In an unbylined update of the latest developments in the budget-tax-spending-debt ceiling discussions in Washington this morning, the Associated Press committed several blunders in attempting to explain what’s going on and how we got to where we are. First and foremost was its list identifying “contributors” to the $8.5 trillion growth in the national debt since 2001.
Here’s the AP’s you-can’t make-this-up, Comedy Central-worthy list of debt contributors:
Q: How did the debt grow from $5.8 trillion in 2001 to its current $14.3 trillion?
A: The biggest contributors to the nearly $9 trillion increase over a decade were:
- 2001 and 2003 tax cuts under President George W. Bush: $1.6 trillion.
- Additional interest costs: $1.4 trillion.
- Wars in Iraq and Afghanistan: $1.3 trillion.
- Economic stimulus package under Obama: $800 billion.
- 2010 tax cuts (these weren’t cuts at all; they were really a continuation of the current income tax structure — Ed.), a compromise by Obama and Republicans that extended jobless benefits and cut payroll taxes: $400 billion.
- 2003 creation of Medicare’s prescription drug benefit: $300 billion.
- 2008 financial industry bailout: $200 billion.
- Hundreds of billions less in revenue than expected since the Great Recession began in December 2007.
- Other spending increases in domestic, farm and defense programs, adding lesser amounts.
So I guess the AP’s assertion that the Bush tax cuts were the biggest contributor to the deficit explains why the following graph shows how government collections tanked from 2003-2007:
Oops. What happened?
The graph doesn’t show collections tanking, does it? Instead, the graph shows that collections increased by 44%, or almost $800 billion in four years. Adding up the individual increments in each of the four years compared to 2003 (2004 – $98B; 2005 – $371B; 2006 – $624B; 2007 – $785B; 2008, not shown, treating IRS stimulus payments as outlays instead of negative receipts – $835B), what really happened is that in the five full fiscal years after George W. Bush got the across-the-board and investment-related tax cuts he had been pushing for since taking office in 2001, the cumulative increase in tax collections was over $2.7 trillion.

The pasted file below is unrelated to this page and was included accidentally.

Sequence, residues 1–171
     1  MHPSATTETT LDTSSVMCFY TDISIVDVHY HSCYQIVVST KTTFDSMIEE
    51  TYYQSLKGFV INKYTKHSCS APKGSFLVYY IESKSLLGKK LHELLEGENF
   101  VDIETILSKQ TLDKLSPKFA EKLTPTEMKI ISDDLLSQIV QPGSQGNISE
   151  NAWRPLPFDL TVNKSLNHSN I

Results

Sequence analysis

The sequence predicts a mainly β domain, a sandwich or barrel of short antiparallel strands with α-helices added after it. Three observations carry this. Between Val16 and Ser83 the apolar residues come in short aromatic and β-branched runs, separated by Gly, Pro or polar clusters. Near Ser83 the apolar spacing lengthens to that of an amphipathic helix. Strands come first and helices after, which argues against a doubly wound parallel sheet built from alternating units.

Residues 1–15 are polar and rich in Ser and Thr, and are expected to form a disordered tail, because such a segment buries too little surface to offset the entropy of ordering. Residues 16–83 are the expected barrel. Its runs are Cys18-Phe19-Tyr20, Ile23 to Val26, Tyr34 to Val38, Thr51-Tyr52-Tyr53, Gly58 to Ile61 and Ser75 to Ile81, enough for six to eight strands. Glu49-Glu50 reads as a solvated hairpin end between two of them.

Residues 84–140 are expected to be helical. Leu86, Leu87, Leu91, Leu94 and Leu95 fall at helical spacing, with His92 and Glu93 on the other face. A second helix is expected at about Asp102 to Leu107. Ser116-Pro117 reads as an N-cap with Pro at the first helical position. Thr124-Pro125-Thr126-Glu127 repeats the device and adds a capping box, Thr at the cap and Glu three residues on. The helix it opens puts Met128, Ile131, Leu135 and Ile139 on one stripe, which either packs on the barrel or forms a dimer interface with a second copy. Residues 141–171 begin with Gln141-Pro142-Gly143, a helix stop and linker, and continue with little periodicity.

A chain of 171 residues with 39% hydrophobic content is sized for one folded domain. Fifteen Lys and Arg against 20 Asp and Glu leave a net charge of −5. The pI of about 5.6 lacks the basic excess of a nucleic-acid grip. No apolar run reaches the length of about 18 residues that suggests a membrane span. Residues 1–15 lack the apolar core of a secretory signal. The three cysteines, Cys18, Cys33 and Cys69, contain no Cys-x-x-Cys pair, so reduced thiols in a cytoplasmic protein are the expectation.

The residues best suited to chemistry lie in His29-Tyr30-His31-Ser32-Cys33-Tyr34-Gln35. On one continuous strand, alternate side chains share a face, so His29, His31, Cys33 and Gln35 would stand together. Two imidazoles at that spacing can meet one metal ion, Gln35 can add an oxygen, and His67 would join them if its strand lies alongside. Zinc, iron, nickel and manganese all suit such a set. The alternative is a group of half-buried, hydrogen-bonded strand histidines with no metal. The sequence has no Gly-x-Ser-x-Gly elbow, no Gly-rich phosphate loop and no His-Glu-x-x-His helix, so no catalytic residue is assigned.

Doubtless, the static analysis crowd will claim that collections would have been even higher (I guess by a cumulative $1.6 trillion, given the AP’s Democratic Party talking point above) if the Bush cuts hadn’t been enacted. Two words, guys: Prove it. Two follow-up words: You can’t.
We can argue all day long about the how much of the increase in collections was due to the incentive effects of the tax cuts and how of the improvement might have occurred anyway, but no one can credibly act as if it’s an established fact that the Bush cuts somehow caused collections to go $1.6 trillion in the opposite direction. There is absolutely no proof for this contention, and plenty of evidence that the Bush cuts jump-started an economy and federal collections, both of which had been flat or declining during the two years leading up to mid-2003. The more reasonable conclusion to reach is that the country would already be dead in the water if the Bush tax cuts hadn’t passed in 2003. Instead, the wire service hopes that its “Bush tax cuts cost us” meme will be gullibly recited during the next few days at its subscribing newspaper, TV, and radio outlets. “Disgraceful” doesn’t even begin to describe this pathetic promotion of self-evident falsehood.
The fact is that the federal budget was one good year away from balancing after the $162 deficit reported in fiscal 2007. Unfortunately, that was the last budget passed by a Republican-controlled Congress, and it was the only year which showed a modest increase in overall spending. Beginning in 2007 with effects beginning in fiscal 2008, the House and Senate controlled by Nancy Pelosi and Harry Reid began increasing spending at rates far beyond what profligate Republicans spent earlier in the decade, and, unfortunately, Bush 43 made no real effort to stop them:
If we turn the tables and (in my opinion) safely assume that there was no need to increase the overall level of spending beyond what was seen in fiscal 2007 except to allow a probably overly generous $100 billion in increases each year, the fact is that by September 2011, the Pelosi-Reid Congress and the Pelosi-Reid-Obama triumvirate will have spent roughly $2.7 trillion more than they needed to, or should have.
And oh by the way, by September 2011, the collections shortfalls since the end of fiscal 2008 will total roughly $1.3 trillion, not the “hundreds of billions” the AP lazily reported.
The AP also erred, as it did back in 2009 (and probably has done at other times not detected by yours truly), by incompletely explaining how the national debt has grown. For a separate explanation of why the wire service’s assertion that “The debt is the sum of deficits past and present” is incorrect, go here. This repeated error betrays the depth of consistent and persistent ignorance which pervade the Essential Global News Network.
Cross-posted at NewsBusters.org.